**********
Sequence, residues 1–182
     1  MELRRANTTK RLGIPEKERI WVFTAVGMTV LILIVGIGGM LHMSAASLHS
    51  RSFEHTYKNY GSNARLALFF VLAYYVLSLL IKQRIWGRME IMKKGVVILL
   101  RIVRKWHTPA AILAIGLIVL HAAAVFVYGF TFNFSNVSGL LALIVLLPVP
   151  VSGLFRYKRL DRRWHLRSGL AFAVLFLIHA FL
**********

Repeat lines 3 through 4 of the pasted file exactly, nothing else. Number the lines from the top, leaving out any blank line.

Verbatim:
    51  RSFEHTYKNY GSNARLALFF VLAYYVLSLL IKQRIWGRME IMKKGVVILL
   101  RIVRKWHTPA AILAIGLIVL HAAAVFVYGF TFNFSNVSGL LALIVLLPVP